Moreover, for our "longest column" requirement we will be using one line to the right of the left column together with one line left of the right column. Using border-left and border-right it would be difficult to make the borders collapse (it might be possible using negative margins, but this will not make things easier...)

Absolute separator

So our solution involves an additional element representing the separator. This element sits right in the middle between the columns, using position: absolute; and the proper right respectively left properties.

And since we didn't want to introduce extra markup, we'll be using CSS's :before pseude-selector to generate this separator element

First attempt

We define two classes, .border-left and .border-right. A column having class="border-left" will have a separator to its right neighbour, class="border-right" separates it from the column to its left.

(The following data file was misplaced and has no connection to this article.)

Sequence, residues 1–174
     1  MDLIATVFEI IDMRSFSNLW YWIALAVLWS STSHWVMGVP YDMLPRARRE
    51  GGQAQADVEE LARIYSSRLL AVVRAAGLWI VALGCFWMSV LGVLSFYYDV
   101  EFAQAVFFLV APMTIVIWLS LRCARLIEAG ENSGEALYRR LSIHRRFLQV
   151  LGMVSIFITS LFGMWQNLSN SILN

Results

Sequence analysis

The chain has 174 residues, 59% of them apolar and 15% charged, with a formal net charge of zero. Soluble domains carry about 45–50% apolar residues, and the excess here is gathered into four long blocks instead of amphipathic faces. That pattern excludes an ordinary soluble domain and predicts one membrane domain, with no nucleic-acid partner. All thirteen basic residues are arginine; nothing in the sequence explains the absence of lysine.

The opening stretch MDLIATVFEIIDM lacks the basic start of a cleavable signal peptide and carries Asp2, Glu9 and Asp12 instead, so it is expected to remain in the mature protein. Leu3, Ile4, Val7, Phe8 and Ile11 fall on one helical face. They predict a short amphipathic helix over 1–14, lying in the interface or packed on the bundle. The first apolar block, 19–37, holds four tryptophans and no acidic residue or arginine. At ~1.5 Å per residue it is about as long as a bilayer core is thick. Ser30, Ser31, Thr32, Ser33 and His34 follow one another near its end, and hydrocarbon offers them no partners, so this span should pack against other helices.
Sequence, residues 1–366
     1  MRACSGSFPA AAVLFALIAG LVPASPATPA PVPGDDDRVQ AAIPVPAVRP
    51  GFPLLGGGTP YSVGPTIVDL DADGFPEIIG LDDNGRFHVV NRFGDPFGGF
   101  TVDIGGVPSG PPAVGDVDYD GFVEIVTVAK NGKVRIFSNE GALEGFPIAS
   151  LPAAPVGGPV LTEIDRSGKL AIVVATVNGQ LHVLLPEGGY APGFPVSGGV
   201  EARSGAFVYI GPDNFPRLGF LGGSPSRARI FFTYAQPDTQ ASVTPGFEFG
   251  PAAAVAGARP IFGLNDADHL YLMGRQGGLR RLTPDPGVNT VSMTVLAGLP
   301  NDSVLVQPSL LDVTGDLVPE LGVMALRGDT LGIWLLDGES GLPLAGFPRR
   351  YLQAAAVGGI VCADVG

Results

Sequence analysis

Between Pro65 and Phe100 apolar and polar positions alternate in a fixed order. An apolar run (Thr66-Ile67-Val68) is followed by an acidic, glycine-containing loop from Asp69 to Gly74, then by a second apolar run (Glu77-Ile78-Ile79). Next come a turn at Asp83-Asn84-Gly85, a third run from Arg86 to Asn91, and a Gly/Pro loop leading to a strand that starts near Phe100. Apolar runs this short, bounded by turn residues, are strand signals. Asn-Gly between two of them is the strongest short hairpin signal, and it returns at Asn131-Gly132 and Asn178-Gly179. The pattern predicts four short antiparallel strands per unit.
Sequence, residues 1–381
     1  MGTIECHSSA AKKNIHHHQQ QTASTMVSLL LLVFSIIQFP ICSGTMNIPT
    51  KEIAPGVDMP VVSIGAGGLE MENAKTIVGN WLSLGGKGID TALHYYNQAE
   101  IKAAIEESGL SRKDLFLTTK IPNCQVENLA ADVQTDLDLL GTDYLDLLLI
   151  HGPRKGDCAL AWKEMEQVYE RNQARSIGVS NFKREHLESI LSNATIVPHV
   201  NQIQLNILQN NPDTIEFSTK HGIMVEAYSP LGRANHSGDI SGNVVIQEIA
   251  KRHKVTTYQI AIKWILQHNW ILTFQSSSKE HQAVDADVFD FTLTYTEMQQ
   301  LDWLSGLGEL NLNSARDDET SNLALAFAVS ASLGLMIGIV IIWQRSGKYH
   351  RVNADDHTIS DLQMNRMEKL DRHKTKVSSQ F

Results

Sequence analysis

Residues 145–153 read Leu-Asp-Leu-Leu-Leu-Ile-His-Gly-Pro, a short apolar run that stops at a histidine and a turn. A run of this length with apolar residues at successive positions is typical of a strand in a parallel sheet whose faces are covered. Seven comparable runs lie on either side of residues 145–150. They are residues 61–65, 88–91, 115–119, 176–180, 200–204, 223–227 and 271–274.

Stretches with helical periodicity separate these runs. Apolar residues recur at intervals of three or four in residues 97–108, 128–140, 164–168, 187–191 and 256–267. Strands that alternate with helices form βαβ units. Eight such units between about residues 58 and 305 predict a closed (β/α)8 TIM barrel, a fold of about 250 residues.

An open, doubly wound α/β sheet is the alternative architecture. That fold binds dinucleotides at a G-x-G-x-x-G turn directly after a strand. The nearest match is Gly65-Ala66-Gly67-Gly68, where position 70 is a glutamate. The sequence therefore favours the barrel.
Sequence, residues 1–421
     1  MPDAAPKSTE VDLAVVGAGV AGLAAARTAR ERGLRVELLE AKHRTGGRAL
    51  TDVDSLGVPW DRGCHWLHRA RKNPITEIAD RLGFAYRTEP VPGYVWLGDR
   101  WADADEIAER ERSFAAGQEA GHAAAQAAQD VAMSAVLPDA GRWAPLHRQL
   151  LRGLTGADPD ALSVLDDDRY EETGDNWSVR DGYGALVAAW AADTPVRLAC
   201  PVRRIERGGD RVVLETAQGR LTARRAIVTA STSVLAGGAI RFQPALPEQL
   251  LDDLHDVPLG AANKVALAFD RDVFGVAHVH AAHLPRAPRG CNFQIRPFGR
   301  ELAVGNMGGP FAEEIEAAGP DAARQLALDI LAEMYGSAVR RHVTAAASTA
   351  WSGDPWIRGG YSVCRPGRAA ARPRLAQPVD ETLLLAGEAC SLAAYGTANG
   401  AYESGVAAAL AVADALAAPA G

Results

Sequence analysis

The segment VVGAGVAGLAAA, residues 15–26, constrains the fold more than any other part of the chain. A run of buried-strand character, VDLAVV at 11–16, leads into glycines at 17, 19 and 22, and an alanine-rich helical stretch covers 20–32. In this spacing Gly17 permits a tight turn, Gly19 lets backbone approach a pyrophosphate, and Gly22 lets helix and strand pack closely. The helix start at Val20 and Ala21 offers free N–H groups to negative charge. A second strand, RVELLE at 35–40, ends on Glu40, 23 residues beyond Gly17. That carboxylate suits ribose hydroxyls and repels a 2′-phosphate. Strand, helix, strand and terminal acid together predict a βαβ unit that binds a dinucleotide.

The CSS for these classes looks as follows

.border-left, .border-right { position: relative; }
.border-left:before, .border-right:before {
    position: absolute;
    width: 0px;
    border-left: 1px solid #aaa;
    height: 100%
    top: 0px;
.border-left:before { left: -11px; }
.border-right:before { right: -10px; }

Some notes:

  • The classes are applied to the <div>'s representing the columns. Since we want to position the separators using position: absolute, we must make the 'anchor' elements (i.e. the columns) positioned relatively. Note that the CSS standard states that the pseudoelement is inserted inside the main element (just before its content), so absolute positioning works as wanted.